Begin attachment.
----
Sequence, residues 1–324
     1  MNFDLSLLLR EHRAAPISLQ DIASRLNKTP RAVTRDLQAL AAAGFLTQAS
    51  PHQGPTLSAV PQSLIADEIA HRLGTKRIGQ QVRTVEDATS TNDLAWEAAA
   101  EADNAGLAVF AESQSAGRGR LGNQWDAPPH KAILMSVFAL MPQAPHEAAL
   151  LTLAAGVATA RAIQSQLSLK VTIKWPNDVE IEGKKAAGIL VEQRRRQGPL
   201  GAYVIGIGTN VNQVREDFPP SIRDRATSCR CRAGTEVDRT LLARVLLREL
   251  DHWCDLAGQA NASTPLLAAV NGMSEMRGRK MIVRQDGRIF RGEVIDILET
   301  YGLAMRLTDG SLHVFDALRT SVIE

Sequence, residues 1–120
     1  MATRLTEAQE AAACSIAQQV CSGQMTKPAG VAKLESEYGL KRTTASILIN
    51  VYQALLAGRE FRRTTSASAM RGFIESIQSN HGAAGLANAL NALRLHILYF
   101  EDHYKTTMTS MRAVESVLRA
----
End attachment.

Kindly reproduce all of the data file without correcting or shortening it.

Sequence, residues 1–324
     1  MNFDLSLLLR EHRAAPISLQ DIASRLNKTP RAVTRDLQAL AAAGFLTQAS
    51  PHQGPTLSAV PQSLIADEIA HRLGTKRIGQ QVRTVEDATS TNDLAWEAAA
   101  EADNAGLAVF AESQSAGRGR LGNQWDAPPH KAILMSVFAL MPQAPHEAAL
   151  LTLAAGVATA RAIQSQLSLK VTIKWPNDVE IEGKKAAGIL VEQRRRQGPL
   201  GAYVIGIGTN VNQVREDFPP SIRDRATSCR CRAGTEVDRT LLARVLLREL
   251  DHWCDLAGQA NASTPLLAAV NGMSEMRGRK MIVRQDGRIF RGEVIDILET
   301  YGLAMRLTDG SLHVFDALRT SVIE

Sequence, residues 1–120
     1  MATRLTEAQE AAACSIAQQV CSGQMTKPAG VAKLESEYGL KRTTASILIN
    51  VYQALLAGRE FRRTTSASAM RGFIESIQSN HGAAGLANAL NALRLHILYF
   101  EDHYKTTMTS MRAVESVLRA